Interpersonal conflict resolution can be tricky. Changing your own behaviors in reaction to conflict is no less so.
Changing your interpersonal conflict behavior is a form of learning…you’re finding and learning new habits to replace ones that aren’t as effective for you.
In one of my favorite books, The Art of Possibility (affiliate link), author and world renowned philharmonic conductor Ben Zander tells this story about his own learning:
“…I am reminded of a dispiriting moment in a cello lesson with my teacher, Mr. Herbert Withers. He was eighty-three years old, and I was eleven. I had to tried to play a passage, but I couldn’t make it work. I tried again, and it didn’t work, and a third time, and I was no more successful. I remember making a frustrated grimace and putting down my bow. The elderly Mr. Withers leaned over me and whispered, What? You’ve been practicing it for three minutes, and you still can’t play it?“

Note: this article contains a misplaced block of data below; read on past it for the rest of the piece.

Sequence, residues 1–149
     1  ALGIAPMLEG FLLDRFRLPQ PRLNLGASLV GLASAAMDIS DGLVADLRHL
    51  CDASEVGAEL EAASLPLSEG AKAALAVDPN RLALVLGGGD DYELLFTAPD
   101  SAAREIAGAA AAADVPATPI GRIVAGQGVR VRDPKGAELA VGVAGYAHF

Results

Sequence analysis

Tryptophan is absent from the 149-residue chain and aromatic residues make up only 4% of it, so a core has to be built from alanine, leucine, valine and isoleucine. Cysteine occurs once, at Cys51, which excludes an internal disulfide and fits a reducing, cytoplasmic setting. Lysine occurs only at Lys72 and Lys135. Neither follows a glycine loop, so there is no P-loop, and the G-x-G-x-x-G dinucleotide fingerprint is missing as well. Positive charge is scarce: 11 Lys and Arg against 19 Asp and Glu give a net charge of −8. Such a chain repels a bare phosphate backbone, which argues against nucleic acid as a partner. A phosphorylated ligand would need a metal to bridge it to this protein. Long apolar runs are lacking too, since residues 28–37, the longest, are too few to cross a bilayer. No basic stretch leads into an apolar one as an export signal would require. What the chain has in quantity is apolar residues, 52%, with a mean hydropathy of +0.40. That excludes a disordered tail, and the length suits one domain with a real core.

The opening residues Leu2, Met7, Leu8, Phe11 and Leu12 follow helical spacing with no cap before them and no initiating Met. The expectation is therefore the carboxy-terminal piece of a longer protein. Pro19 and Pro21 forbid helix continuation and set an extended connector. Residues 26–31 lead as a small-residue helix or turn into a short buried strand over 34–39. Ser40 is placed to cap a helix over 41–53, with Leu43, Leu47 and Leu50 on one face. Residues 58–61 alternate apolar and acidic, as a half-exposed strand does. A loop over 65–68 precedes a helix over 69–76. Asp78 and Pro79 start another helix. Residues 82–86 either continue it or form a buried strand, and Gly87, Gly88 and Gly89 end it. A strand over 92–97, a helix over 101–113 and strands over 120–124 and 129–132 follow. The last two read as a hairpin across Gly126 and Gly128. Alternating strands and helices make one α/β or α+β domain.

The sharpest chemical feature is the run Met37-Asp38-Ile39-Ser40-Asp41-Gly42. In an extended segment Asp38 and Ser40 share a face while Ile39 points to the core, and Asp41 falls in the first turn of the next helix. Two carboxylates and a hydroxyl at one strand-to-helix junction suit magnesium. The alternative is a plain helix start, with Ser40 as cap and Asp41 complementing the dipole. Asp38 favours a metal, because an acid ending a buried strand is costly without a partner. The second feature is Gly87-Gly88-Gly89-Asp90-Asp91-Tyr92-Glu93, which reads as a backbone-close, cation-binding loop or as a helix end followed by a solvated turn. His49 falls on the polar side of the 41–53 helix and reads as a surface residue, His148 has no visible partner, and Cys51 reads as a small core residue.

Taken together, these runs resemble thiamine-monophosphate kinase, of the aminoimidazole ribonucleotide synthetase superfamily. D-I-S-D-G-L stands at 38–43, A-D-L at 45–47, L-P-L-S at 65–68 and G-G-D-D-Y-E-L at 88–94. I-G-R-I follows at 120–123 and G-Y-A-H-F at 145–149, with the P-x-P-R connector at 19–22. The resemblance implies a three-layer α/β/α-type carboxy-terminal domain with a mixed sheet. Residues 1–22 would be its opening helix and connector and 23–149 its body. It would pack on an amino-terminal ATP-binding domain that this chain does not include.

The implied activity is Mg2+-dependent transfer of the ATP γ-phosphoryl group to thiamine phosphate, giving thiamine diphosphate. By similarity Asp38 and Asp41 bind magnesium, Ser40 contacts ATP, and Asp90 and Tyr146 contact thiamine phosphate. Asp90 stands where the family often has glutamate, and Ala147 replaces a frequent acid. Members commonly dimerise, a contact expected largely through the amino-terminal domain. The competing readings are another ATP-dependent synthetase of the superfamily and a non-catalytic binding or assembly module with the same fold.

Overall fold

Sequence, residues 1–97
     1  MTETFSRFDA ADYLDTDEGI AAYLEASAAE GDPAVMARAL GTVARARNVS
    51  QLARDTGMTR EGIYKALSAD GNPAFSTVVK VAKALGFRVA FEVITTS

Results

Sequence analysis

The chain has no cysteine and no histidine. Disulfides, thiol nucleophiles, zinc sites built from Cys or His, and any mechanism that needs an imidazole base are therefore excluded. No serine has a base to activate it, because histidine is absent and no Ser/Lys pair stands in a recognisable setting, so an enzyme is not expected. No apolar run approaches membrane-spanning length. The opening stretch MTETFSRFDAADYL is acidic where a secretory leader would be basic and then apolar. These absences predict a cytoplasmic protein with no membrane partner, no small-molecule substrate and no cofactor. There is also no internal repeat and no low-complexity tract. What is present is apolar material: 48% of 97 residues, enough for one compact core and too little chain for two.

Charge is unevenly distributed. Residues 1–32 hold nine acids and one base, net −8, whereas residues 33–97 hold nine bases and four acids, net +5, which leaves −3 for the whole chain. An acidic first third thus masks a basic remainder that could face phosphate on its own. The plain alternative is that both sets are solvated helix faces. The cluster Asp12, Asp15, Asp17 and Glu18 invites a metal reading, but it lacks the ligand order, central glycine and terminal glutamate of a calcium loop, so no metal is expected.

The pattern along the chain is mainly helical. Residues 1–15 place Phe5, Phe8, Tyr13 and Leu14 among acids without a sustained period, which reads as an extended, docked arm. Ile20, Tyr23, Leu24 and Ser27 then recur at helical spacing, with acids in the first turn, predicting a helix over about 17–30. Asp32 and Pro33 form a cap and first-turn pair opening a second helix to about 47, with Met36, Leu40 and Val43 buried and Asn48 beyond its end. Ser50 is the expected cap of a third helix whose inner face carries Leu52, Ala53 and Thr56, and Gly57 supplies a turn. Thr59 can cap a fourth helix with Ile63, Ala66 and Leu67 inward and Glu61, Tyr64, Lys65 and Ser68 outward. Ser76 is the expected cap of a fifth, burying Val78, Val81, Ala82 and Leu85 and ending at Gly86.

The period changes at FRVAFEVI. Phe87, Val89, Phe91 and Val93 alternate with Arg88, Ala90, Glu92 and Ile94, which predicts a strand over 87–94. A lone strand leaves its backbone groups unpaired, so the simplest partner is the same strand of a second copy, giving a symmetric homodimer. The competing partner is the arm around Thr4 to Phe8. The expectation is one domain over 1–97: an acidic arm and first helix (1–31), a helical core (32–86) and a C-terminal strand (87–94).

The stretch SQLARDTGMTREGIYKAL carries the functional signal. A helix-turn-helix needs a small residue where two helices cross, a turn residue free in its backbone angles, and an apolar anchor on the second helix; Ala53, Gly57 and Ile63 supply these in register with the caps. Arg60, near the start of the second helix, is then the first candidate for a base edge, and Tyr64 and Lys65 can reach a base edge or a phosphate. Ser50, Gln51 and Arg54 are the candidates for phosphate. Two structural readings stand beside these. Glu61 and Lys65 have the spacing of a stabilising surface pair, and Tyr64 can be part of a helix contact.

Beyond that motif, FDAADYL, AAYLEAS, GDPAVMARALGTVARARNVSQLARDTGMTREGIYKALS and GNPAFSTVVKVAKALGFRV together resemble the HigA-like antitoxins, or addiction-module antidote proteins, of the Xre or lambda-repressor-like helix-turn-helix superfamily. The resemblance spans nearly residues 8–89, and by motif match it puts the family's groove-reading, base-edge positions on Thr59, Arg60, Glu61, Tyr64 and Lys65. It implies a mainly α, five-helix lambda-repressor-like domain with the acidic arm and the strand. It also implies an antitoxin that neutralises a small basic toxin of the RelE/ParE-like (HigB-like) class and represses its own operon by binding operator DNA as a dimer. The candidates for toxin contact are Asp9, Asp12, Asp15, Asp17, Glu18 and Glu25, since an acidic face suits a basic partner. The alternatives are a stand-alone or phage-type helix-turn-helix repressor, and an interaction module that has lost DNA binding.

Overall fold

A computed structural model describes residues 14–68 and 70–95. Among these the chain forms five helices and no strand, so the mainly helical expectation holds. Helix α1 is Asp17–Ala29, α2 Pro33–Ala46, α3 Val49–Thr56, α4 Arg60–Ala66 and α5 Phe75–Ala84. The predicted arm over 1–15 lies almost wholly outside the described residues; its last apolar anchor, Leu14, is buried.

In a quick-fix culture, you’ll need patience with yourself as you seek to change your interpersonal conflict reactions and learn replacement habits. You’ll also need kindness directed inward as a replacement for the kind of self-chastising I hear from some clients.
Instead of I’m not handling this very well, try Good! I’m noticing where I’m starting to get hooked by the conflict. What am I noticing?
Instead of I blew it again, try What did I learn about myself just now?
Instead of I feel like I’m not getting any better at this, try If I were as patient with myself as I am with my child/dog/partner/customers, what would I tell myself?
Instead of It’s a lot of pressure to change my reaction, try What would happen if I refused the gift of pressure right now?